T. Rowe Price Group, Inc.
Apr 27, 2010

T. Rowe Price Survey Reveals 65 Percent of Kids Approach Parents to Discuss Money Issues, Yet Discussions May Not Be as Impactful as Desired

Only 19% of Parents Grade Themselves an 'A' When it Comes to Their own Financial Comprehension

BALTIMORE, April 27, 2010 /PRNewswire via COMTEX News Network/ -- According to the second annual T. Rowe Price Parents, Kids & Money Survey, 65 percent of kids are approaching their parents to discuss money issues. In addition, 48 percent of parents indicate that compared to a year ago they are having more conversations with their children about money and the basics of saving vs. spending, while only five percent are having fewer such conversations. However, the survey also reveals that these conversations may not be resonating as well as parents hoped.

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For example, while 94 percent of parents who give an allowance to their children say they discuss how it should be handled, a majority of kids sometimes spend it all at once and 39 percent always or sometimes come back for more. Similarly, while 80 percent of parents say they are having conversations with their children about money at least once every few weeks, they also report that fewer than half of their kids use the lessons on a regular basis, and nearly 60 percent quickly forget the lessons or need periodic reminding.

The survey coincides with April's Financial Literacy Month, recognized as an effort to highlight the importance of financial understanding and help Americans establish and maintain healthy financial habits.

"The need for financial education has never been greater," says Stuart Ritter, CFP(R), a T. Rowe Price financial planner. "So, while we're pleased to see family money conversations happening more often, unfortunately we've learned that greater frequency of conversations may not always equate to quality of conversations. It is important for parents to take stock of the financial lessons they are passing on and take steps to improve their own financial education and well-being."

Facilitating family financial conversations and helping convey basic money lessons is one reason T. Rowe Price collaborated with Walt Disney Imagineering and Walt Disney Parks and Resorts Online to create The Great Piggy Bank Adventure(SM), which offers lessons on goal setting, spending vs. saving, inflation, and diversification. Launched in 2009, The Great Piggy Bank Adventure(SM) comes to life through a free online board game at www.thegreatpiggybankadventure.com and through a hands-on, interactive experience at INNOVENTIONS at Epcot(R) at the Walt Disney World(R) Resort in Florida.

"Improving your child's financial understanding can also be as easy as using a trip to the grocery store as a teachable moment," Ritter says. "Using everyday examples helps to reinforce money lessons and makes these lessons more memorable. In fact, there is a growing consensus that kids are not only able to understand basic concepts about money much sooner than many parents believe, but that starting to teach kids about money at a younger age will better prepare them to make smart financial decisions throughout their lives. Fortunately, parents agree with the importance of starting early, with eight out of 10 parents surveyed believing that money lessons should be introduced before age 10."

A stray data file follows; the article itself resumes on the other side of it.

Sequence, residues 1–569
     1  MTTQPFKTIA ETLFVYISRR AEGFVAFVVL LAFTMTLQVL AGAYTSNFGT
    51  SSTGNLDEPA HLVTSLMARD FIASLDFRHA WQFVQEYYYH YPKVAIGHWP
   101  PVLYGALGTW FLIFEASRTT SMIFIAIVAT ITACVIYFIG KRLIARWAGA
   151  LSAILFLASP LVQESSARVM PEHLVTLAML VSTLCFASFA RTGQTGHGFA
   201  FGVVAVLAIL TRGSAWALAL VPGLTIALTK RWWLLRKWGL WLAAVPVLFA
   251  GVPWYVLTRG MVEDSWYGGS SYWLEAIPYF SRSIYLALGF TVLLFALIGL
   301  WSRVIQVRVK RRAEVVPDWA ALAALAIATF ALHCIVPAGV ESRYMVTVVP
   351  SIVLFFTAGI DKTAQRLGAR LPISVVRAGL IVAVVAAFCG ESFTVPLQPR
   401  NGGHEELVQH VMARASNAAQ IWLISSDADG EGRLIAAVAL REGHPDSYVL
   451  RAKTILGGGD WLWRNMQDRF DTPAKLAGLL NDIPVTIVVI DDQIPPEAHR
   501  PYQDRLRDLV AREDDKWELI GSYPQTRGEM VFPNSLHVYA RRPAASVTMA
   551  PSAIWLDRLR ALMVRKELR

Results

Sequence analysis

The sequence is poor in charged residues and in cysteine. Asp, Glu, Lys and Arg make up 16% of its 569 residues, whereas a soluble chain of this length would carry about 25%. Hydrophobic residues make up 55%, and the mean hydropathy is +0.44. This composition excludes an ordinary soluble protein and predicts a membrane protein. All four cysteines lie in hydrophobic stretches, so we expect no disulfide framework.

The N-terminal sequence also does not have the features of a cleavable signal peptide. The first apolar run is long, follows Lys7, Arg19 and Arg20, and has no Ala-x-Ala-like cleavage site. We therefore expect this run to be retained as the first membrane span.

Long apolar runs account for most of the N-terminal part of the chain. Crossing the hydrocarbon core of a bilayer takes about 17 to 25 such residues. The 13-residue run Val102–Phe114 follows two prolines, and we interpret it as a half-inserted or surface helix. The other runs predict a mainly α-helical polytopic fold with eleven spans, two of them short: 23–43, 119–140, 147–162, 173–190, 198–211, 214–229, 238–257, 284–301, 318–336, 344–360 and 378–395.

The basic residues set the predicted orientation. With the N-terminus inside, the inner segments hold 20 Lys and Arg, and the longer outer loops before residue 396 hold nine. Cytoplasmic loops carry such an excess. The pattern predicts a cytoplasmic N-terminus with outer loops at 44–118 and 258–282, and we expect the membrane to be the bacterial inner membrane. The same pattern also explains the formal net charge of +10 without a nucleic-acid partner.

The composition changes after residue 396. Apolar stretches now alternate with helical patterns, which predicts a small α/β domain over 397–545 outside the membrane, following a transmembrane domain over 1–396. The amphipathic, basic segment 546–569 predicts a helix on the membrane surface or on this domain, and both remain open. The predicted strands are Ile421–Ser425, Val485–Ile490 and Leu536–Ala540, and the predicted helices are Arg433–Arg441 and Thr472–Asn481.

Other survey findings include:

With the survey results in mind, following are a few family financial education tips from T. Rowe Price:

To further parents' financial education, T. Rowe Price also hosts a Family Center section on the firm's website. The T. Rowe Price Family Center (www.troweprice.com/trowefamilycenter) features real-life stories from parents about how they are taking the financial lessons they learned and are passing them on to their children at an early age. The site also serves as a gateway to The Great Piggy Bank Adventure(SM) online board game and links to T. Rowe Price financial tools, calculators, and investment information.

The Second Annual T. Rowe Price Parents, Kids & Money Survey was conducted online by MarketTools, Inc. among Moms and Dads of children ages 8 to 14, capturing parents' attitudes and behaviors toward teaching their children about money. The study has a sample size of 505 and the margin of error is +/- 5.0%. The study was fielded March 15 to March 19, 2010. Full survey statistics are available.

Founded in 1937, Baltimore-based T. Rowe Price (Nasdaq: TROW) is a global investment management organization with $419.0 billion in assets under management as of March 31, 2010. The organization provides a broad array of mutual funds, sub advisory services, and separate account management for individual and institutional investors, retirement plans, and financial intermediaries. The company also offers a variety of sophisticated investment planning and guidance tools. T. Rowe Price's disciplined, risk-aware investment approach focuses on diversification, style consistency, and fundamental research. More information is available at www.troweprice.com.

T. Rowe Price and Disney Enterprises, Inc. are not affiliated companies.

Related Links:

Downloadable photos of The Great Piggy Bank Adventure online game and Epcot(R) experience, as well as survey result graphics

The Great Piggy Bank Adventure free online board game

T. Rowe Price Family Center

SOURCE T. Rowe Price

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